As a result, the advice I give them generally is to protect themselves by carefully selecting the terms of the contract. The typical small contractor in this industry is working for an owner, so in a sense he is a prime contractor. He also may be working for a homeowner or a small developer or somebody like that. Because of that, the sweeping contractor is often in a position to actually prepare the contract to suggest or submit to his client the form. This means he has opportunity to seek such contract provisions as an attorney's fee clause, so if he has to chase the customer to collect his money he is will get his attorney's fees paid if he prevails.
The contractor also can require that any dispute be resolved in a lower court, as opposed to a more expensive circuit court. He can also select arbitration, which is a relatively speedy way of resolving disputes. He might also include a clause that provides for payment of interest on monies that are due or insert a clause that allows him to stop providing services in a short timeframe in the event he is not getting paid. Even if the other side hands him the contract to sign, he can still attempt to negotiate these types of provisions into that contract.
Now, let's discuss the situation of the larger sweeping contractor or owner, such as a municipality, that enters into that type of contract. For them, the key issues are likely to be liquidated damages, no damages for delay clauses and indemnity clauses. Again, on each of those issues there is an owner's perspective and a contractor's perspective.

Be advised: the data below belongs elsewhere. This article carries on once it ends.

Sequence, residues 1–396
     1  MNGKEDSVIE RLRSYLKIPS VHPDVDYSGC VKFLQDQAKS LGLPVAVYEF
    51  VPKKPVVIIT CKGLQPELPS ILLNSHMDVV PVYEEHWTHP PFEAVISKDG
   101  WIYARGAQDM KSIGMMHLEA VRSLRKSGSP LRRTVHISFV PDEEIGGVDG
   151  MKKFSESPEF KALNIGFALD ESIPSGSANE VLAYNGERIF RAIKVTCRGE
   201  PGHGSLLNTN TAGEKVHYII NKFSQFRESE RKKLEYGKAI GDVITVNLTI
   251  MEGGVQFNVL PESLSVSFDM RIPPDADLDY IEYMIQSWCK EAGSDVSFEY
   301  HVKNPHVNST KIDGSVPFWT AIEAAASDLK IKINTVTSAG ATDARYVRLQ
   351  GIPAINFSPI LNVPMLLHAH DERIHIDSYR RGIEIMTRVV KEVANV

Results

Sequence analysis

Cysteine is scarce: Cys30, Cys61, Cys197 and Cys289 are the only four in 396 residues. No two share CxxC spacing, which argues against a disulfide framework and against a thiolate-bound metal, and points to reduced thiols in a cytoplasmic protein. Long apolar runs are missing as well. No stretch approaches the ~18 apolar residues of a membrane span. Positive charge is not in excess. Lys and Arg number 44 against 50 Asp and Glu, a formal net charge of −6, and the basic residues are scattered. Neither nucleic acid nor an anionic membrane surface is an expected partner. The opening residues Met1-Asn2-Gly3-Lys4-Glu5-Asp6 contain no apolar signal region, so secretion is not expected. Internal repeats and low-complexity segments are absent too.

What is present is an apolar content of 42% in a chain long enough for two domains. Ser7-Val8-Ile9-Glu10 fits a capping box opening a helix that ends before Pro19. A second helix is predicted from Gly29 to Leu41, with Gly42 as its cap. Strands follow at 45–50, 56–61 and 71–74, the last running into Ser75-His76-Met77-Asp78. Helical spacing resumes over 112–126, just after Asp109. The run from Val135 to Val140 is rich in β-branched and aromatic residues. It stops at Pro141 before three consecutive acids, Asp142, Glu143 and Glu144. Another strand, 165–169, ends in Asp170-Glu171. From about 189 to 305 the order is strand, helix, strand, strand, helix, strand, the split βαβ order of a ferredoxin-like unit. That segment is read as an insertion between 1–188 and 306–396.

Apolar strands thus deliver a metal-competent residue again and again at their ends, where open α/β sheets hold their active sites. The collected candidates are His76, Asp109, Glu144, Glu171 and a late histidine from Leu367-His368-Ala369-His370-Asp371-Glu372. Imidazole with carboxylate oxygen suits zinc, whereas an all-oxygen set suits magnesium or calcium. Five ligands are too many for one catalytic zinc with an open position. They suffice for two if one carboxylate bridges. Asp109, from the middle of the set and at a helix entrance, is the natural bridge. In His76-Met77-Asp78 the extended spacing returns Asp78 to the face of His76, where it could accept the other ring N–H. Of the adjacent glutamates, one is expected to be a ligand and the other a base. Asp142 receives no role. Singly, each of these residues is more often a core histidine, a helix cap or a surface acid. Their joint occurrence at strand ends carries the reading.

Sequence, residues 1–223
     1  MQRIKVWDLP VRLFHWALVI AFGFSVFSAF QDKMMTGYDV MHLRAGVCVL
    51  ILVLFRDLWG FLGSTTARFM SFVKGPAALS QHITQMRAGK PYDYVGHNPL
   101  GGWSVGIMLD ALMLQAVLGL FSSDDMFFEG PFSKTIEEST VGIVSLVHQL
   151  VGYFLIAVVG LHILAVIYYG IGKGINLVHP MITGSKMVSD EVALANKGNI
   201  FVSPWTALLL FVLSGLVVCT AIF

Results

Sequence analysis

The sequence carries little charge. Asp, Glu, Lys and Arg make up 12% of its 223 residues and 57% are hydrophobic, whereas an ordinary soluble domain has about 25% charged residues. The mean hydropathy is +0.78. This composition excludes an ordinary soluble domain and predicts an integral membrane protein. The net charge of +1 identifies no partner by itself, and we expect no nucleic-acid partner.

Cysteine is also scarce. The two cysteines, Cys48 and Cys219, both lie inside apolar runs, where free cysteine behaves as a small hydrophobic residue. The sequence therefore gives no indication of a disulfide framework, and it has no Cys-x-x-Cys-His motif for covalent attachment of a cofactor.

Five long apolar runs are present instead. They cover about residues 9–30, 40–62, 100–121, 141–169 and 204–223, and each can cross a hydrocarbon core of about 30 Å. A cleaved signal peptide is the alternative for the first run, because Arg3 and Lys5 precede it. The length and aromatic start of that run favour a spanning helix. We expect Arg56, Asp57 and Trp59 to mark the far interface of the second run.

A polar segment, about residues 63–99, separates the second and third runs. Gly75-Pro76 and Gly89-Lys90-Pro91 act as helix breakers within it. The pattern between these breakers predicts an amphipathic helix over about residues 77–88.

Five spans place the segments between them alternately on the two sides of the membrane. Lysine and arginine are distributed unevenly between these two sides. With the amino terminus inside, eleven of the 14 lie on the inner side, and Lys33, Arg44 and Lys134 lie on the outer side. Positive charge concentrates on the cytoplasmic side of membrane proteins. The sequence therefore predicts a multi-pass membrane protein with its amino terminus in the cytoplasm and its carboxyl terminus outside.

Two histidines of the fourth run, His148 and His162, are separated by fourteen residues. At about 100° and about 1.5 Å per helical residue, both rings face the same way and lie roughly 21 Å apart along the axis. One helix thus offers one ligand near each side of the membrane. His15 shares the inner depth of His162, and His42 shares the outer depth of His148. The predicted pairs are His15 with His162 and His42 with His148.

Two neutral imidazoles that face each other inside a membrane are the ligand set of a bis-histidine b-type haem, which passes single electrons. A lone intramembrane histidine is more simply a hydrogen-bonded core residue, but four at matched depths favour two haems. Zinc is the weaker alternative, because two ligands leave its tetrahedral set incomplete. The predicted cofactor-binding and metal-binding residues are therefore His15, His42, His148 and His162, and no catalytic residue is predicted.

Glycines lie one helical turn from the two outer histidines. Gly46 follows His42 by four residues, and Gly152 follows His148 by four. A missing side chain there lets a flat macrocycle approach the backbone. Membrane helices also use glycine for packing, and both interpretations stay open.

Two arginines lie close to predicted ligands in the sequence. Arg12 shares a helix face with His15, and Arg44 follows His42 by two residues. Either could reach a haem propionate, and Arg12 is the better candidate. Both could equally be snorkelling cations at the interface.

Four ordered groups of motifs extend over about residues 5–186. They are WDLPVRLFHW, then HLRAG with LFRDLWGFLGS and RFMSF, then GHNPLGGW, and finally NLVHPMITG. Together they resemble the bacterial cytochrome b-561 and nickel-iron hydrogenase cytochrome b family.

On the no damages for delay clause, the municipality wants to be assured that if the job is delayed owing to something it does, its liability is limited to a time extension only. For the other side of the table on that same example, the sweeping contractor wants to be able to recover damages, dollars for delay, if he is not at fault for the delay. If the milling cleanup job he was awarded and has planned for some reason gets delayed 30, 60, 90 days or months, he may want to recover extended general conditions or home office overhead. So, for him the question on the no damages clause is either "can I get it out of the contract by negotiation" or, if I have to keep it in, "are there exceptions to it." The courts in most states recognize various exceptions. So, from the contractor's side it is important to understand what the exceptions are and how to take advantage of them.